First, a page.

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ART 336: History of Graphic Design: Cite Sources

Chicago Style

The Chicago style of citation are used in both the humanities and social sciences. While it is the preferred style in art and art historical research, always check with your instructor to determine which citation style you should use during your research.


Always be sure to double-check the citations you create!

Citing Sources: Chicago Style

ProQuest RefWorks

Copyright and Artists


: the exclusive legal right to reproduce, publish, sell, or distribute the matter and form of something (such as a literary, musical, or artistic work)

– from

Fair use:

“…fair use is any copying of copyrighted material done for a limited and ‘transformative’ purpose, such as to comment upon, criticize, or parody the copyrighted work…can be done without permission from the copyright owner.” – Fair use Stanford University

…four factors must be evaluated to determine whether a use is fair:

1. Purpose and character (education/commercial?/Non-profit or for-profit?)

2. Nature of copyrighted work (published/unpublished? Factual or creative?)

3. Amount and substantiality of portion used in relation to copyrighted work as a whole (How much are you using? Is the part you’re using the heart of the work?)

4. Effect of the use upon the potential market for or value of the copyrighted work (How widely distributed? Use spontaneous or repeated?)

Salisbury University Copyright Libguide

Intellectual Property:

: property (such as a concept, idea, invention, or work) that derives from the effort of the mind or intellect : also : a right or registration (such as a patent, trademark, trade secret, or copyright) relating to or protecting this property

– from


“intentionally or unintentionally presenting thoughts or ideas from another source as one’s own or without appropriate attribution; intentionally or unintentionally disregarding proper scholarly procedures; and other acts generally recognized as plagiaristic”

– from Salisbury University Student Academic Misconduct Policy

: to steal and pass off (the ideas or words of another) as one's own : use (another's production) without crediting the source : to commit literary theft : present as new and original an idea or product derived from an existing source”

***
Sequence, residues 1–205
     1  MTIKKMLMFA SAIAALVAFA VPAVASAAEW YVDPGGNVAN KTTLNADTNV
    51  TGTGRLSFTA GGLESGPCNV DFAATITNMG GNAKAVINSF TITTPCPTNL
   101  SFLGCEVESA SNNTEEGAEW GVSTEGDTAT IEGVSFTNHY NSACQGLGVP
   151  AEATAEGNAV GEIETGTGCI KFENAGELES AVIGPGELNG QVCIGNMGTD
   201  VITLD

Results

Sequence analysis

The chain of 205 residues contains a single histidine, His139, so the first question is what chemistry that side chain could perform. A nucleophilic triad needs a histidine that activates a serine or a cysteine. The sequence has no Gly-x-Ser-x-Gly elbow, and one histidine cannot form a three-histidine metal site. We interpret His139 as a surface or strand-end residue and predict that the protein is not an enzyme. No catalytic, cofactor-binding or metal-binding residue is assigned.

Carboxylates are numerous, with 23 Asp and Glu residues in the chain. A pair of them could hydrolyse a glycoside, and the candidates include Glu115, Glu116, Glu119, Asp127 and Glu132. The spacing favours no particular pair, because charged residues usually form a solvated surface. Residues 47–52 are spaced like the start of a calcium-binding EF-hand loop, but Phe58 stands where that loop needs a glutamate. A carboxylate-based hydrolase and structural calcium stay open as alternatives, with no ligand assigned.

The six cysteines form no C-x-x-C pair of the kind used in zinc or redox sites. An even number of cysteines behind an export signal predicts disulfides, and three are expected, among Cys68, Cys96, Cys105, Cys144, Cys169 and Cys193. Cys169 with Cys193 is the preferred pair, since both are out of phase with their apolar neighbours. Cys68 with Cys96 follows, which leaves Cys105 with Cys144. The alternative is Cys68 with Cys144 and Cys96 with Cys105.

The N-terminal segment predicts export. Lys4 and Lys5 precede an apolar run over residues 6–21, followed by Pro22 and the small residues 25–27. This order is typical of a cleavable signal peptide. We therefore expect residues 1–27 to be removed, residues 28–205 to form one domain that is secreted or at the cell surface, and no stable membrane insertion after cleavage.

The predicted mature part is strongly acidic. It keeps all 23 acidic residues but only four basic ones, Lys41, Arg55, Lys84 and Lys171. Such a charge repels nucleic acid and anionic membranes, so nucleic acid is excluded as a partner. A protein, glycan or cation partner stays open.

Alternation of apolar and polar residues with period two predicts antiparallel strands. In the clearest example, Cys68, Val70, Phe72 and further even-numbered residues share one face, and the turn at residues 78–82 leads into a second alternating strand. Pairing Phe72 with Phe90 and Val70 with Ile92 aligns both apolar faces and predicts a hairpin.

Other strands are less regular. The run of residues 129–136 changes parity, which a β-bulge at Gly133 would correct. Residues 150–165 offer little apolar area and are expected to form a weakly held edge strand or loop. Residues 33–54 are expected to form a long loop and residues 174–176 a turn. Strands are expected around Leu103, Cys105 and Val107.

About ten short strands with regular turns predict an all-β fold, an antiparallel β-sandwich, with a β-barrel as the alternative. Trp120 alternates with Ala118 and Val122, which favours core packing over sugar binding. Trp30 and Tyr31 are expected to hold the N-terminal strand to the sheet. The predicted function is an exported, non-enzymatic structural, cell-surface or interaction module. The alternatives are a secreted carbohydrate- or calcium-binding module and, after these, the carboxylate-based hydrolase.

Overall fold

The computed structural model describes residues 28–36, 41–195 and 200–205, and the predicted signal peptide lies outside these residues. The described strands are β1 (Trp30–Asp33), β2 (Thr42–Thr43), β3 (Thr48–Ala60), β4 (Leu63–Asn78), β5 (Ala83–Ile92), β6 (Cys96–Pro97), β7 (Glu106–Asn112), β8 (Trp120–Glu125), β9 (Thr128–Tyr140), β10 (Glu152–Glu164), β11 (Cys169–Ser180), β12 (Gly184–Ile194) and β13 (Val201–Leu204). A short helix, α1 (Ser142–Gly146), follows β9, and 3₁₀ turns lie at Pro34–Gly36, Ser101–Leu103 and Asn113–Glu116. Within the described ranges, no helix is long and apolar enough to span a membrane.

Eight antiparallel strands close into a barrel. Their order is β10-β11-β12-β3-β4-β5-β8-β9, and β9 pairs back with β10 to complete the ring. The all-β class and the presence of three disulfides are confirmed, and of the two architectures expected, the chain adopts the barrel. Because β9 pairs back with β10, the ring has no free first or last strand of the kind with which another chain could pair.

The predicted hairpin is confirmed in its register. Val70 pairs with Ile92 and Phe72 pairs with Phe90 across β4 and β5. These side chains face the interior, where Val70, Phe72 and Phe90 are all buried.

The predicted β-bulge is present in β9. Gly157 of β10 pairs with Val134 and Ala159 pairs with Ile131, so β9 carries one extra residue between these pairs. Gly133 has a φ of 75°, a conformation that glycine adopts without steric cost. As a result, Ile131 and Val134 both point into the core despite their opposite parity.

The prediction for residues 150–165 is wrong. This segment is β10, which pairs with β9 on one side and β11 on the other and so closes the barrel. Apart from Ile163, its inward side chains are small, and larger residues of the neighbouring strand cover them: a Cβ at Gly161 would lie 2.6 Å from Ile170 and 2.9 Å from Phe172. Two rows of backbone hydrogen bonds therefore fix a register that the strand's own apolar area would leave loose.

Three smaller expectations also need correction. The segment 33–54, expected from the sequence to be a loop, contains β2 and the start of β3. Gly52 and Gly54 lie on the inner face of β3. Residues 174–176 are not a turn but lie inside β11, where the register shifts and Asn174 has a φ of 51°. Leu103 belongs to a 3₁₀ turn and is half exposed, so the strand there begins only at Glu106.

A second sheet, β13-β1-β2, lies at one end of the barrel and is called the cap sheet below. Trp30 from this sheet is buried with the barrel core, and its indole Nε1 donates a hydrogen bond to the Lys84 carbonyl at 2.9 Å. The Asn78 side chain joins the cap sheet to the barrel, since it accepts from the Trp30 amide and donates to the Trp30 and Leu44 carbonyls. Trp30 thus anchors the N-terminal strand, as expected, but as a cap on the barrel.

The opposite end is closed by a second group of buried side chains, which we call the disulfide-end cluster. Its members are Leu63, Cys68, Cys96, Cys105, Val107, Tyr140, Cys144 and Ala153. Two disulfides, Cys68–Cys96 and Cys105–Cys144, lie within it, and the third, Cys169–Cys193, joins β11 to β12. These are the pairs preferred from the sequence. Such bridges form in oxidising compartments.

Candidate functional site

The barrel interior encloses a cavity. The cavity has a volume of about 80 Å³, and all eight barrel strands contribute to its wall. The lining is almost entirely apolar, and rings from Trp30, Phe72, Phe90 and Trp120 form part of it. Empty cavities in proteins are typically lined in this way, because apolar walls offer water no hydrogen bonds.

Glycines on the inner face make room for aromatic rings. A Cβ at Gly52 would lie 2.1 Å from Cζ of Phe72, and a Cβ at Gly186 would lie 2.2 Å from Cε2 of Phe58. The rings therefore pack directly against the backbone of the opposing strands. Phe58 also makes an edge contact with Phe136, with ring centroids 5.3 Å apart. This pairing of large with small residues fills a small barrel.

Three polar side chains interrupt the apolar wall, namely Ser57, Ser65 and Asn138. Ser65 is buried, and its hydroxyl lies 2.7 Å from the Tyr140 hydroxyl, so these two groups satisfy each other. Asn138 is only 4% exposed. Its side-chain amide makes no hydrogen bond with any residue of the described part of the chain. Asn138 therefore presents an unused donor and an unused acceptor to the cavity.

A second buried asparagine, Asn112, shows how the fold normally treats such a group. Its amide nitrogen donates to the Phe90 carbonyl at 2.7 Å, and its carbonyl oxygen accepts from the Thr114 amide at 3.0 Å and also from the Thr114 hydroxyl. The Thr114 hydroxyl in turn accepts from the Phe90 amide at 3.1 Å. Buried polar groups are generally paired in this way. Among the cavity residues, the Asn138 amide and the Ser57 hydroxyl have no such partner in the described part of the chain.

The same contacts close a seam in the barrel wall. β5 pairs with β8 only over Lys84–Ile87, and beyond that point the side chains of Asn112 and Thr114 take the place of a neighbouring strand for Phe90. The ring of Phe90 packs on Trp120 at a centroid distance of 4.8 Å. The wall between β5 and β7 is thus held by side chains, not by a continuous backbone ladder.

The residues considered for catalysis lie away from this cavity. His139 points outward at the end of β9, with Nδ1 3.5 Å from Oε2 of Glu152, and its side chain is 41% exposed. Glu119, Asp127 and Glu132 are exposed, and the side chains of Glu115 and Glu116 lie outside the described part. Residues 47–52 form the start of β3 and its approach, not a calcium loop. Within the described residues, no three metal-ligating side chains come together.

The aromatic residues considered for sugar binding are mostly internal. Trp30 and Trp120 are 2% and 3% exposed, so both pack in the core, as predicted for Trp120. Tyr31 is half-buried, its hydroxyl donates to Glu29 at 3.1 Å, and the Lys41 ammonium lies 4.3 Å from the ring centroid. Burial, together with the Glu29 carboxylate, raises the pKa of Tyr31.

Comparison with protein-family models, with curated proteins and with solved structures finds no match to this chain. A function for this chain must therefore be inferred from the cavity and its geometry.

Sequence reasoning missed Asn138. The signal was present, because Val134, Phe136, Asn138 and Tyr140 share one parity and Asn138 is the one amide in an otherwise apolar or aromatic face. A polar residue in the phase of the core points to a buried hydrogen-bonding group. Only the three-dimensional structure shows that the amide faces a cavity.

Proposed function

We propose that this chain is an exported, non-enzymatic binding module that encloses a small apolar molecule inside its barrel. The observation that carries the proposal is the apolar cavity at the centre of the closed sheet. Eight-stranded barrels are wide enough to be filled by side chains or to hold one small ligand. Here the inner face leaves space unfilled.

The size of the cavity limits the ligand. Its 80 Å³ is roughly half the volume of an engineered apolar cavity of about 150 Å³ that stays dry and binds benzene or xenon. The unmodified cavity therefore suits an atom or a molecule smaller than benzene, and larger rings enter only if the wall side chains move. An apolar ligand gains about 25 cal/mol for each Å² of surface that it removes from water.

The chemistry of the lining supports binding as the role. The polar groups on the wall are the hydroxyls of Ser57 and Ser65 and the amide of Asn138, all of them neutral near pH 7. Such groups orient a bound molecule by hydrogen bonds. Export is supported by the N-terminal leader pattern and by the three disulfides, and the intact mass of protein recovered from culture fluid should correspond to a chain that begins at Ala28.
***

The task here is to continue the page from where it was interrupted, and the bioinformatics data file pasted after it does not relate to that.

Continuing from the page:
– from


: to take exclusive possession of :ANNEX : to set apart for or assign to a particular purpose or use : to take or make use of without authority or right 

– from

"As an artist, appropriation means taking in an image that is not your own and changing it significantly to suit your own personal vision. Plagiarism is the act of copying from another person without significant change [or attribution to the original creator]"

— Weber, Pam (n.d). The difference between plagiarism and appropriation in art. Ink for all. Retrieved February 2, 2024.

Pro tip:

"As a rule of thumb, a found resource image must be at least 65% changed to be considered an appropriation."

— Weber, Pam (n.d). The difference between plagiarism and appropriation in art. Ink for all. Retrieved February 2, 2024.

Other Resources:

Salisbury University Libraries' Copyright LibGuide:

United States Copyright Law:

Most relevant: Ch. 1 Subject Matter and Scope of Copyright, Ch. 2 Copyright Ownership and Transfer, Ch. 3 Duration of Copyright, Chps. 10/11/14 for Music, Ch. 12 Copyright Protection and Management Systems (DMCA)

Cornell University Law Fair Use:

Digital Image Rights Computator (DIRC):

Checking Status of Copyright for an Image

American Society of Picture Professionals (ASPP):

Best practices for locating copyright owners of photographic and visual art

My Copyright Toolkit

Resources on every aspect of copyright. Check out the Key Tools, Public Domain & Free to Use, Creative Commons, and Fair Use pages!